• Apr 3rd, 2018 @ 12:50pm

    Re: Re:

    True, but we could limit the shield to an elected official's direct duties. Writing laws (no matter how bad), is always better for citizens, as the laws are public, and can be challenged in the courts (who can order stays, or basically stop the laws from taking effect). A letter cannot be challenged in the same way.

    Repeated or blatant violations could have the city's powers reduced or contained (noting that municipal governments don't have constitutionally recognized status, but rather have authority delegated to them by state governments).

    We could also have the elected officials liability limited to an amount that is large enough to (hopefully) deter bad action, but not people from running ; an example would be one year's salary.

    Although in this case, I wouldn't say that the elected city officials are actually directly to blame, unless the city attorney is elected (which it could be, but I've never seen it), or was directly instructed to write the letter. Also, the city is using state law to attempt to prop up property values, which while dubious, is seemingly legal(see laws about litter, graffiti, lawn maintenance, etc.)
  • Mar 27th, 2018 @ 8:53am

    Re: Rewriting the Script

    The complete/substantial rewriting of the script would have removed copyright infringement of the script.

    However, altering the script and adding it to the movie would be creating a derivative work, which would be copyright infringement.

    So ****ed if you do, ****ed if your don't.
  • Mar 23rd, 2018 @ 1:08pm

    Re: Re: Something to keep in mind

    An unpopular opinion, but: I think the US has had several peaceable revolutions, to a certain extent.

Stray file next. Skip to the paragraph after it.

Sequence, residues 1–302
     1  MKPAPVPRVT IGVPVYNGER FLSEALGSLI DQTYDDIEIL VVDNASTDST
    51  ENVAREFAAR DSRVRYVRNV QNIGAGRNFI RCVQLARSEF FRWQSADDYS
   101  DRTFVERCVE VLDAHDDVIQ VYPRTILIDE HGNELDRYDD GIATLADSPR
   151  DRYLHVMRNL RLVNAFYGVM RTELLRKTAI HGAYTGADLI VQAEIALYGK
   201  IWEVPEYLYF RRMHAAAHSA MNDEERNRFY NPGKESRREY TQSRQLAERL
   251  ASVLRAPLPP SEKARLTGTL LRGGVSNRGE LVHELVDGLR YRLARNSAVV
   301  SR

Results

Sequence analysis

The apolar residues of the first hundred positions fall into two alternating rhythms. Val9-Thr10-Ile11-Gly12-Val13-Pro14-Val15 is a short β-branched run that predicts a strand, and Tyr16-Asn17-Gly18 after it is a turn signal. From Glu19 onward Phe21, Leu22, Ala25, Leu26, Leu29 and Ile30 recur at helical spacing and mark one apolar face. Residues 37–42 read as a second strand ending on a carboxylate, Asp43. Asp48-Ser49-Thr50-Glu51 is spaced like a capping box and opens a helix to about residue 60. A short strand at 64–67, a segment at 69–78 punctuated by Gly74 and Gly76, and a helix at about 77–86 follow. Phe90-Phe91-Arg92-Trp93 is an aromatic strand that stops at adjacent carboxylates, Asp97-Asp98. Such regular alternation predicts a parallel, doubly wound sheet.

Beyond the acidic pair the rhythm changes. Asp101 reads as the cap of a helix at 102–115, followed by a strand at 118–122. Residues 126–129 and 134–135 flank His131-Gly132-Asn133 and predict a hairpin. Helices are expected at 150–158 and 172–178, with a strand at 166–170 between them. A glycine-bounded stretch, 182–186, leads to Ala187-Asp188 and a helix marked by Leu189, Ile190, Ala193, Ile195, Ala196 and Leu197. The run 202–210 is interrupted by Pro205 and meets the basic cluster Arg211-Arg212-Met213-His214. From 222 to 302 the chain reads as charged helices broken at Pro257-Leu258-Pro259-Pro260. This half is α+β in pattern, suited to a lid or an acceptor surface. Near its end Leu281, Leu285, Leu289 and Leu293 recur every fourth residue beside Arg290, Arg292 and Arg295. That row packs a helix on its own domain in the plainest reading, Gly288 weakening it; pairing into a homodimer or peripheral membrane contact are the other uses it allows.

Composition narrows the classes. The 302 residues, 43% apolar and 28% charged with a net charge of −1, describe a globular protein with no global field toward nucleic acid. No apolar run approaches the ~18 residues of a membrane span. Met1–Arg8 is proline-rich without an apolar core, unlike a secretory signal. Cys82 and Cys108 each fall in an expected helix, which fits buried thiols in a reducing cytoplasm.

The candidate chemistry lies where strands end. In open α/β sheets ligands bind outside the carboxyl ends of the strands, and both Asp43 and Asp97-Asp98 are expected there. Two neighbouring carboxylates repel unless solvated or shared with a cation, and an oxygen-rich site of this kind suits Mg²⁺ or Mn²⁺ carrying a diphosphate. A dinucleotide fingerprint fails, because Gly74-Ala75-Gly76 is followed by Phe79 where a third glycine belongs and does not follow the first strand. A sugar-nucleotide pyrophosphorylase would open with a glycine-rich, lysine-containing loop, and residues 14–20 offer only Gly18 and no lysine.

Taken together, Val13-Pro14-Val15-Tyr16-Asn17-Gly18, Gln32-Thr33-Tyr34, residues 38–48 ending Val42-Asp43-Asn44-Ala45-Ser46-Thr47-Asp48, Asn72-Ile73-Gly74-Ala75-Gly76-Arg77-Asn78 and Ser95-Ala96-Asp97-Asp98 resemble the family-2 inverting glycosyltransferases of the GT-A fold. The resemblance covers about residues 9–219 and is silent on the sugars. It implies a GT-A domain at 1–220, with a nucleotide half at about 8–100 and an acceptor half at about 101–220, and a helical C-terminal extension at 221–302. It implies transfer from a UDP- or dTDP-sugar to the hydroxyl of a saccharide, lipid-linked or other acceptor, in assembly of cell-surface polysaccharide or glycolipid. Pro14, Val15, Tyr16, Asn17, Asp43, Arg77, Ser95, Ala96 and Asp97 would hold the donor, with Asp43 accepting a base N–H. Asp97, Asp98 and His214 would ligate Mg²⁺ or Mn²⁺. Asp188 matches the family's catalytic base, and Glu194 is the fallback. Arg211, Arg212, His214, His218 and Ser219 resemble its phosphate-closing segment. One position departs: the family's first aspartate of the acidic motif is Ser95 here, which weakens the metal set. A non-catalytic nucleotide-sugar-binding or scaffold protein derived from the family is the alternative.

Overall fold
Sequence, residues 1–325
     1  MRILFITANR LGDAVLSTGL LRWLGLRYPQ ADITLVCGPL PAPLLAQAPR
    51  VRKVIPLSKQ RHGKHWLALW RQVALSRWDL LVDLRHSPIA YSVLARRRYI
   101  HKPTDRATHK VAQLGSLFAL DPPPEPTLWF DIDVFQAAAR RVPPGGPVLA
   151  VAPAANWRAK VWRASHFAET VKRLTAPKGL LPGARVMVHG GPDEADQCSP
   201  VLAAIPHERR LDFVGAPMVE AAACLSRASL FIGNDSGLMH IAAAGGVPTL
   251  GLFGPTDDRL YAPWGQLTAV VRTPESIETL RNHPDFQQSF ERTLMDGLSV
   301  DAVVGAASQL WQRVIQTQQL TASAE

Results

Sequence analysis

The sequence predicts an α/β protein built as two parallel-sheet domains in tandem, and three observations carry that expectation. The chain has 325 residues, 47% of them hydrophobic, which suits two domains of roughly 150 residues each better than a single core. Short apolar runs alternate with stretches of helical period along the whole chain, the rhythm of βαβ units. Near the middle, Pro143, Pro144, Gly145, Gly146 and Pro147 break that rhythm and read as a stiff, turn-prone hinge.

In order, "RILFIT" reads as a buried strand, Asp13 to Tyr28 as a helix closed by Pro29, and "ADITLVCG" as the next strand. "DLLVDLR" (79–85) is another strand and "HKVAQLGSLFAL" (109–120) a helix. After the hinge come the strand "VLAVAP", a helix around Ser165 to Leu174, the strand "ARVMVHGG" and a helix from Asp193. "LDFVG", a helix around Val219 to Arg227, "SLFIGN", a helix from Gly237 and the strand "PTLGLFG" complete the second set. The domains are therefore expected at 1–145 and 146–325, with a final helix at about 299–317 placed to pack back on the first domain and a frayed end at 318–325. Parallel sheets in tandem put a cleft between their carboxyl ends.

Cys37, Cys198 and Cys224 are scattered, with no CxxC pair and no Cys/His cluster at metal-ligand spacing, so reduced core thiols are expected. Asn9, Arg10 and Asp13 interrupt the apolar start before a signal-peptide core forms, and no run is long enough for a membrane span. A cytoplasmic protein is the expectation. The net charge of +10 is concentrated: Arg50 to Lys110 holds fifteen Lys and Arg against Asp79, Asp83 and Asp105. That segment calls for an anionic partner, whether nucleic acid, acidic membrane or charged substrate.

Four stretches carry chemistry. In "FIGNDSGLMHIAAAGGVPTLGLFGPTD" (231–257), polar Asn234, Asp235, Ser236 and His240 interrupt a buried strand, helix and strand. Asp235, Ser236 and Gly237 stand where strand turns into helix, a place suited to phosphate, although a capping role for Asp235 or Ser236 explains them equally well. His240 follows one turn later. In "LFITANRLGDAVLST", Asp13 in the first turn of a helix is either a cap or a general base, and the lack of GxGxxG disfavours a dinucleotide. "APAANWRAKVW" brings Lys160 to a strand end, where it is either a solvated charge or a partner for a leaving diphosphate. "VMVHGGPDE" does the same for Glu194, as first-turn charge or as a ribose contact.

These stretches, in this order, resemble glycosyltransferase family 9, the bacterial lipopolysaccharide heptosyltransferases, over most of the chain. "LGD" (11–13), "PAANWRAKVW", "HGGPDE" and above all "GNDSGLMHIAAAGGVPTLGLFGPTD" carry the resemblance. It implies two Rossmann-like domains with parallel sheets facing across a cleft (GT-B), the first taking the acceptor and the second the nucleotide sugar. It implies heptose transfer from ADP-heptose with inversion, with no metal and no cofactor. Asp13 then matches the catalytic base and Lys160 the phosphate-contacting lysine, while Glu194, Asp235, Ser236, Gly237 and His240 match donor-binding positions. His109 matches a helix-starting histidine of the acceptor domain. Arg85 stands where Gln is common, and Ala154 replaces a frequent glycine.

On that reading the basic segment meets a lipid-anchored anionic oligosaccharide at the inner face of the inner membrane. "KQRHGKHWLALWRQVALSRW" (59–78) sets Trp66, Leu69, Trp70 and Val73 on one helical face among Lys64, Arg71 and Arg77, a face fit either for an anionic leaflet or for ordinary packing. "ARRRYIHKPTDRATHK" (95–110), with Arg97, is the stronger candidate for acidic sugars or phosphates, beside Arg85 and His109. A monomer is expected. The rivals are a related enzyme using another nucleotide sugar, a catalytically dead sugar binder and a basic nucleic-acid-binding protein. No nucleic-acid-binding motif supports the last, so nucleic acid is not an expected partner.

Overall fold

In the last 15 years,
    - House of Representitives Majority has changed parties 3 times.
    - Senate Majority has changed parties 6 times.
    - The Presidency has Changed parties twice (And flipped twice more in the ten years before that)

    The problem isn't that a revolution is impossible. The problem is that a majority of US voters don't seem to see the current trend as a problem
  • Mar 15th, 2018 @ 8:20am

    Re: Re: Re: "Well if you don't need the money..."

    I would hope that "we are the elected city government, who are chosen by the people to represent their interest ands govern on their behalf, and you are city employees, so when we ask you for accounting of funds, you should immediately hand over what documentation you have (and which you darn well better be keeping), followed by, if necessary, a more comprehensive and up to date list when completed in a reasonable time frame" is a thought that would be unanimously held by the entirety of the city council, and that they'd be willing to act on.

    ... I'm not being hopelessly idealistic, am I?
  • Mar 13th, 2018 @ 11:26am

    Re: Why?

    Two solutions:

    1) The electorate decides that they don't like this anymore, and votes for a D.A. who will prosecute cops, even if it means reduced conviction rates. Probably won't happen.

    2) The government provides for a special prosecutor who exclusively prosecutes cop cases (or perhaps all government corruption cases). Might happen.
  • Mar 13th, 2018 @ 11:08am

    Re: Re: Re: Re: Re: Re: Re: Nice double Standard! No, "negligent homicide", serious.

    Good catch, AC. I misread the following:

    "Breea Gross, 18, was driving when the crash occurred and was cited for driving without a license, seat belt violation and three counts of child safety restraint violation."

    So the driver was also cited . I (erroneously) thought that only the mother had been cited/charged regarding the child safety restraint violation.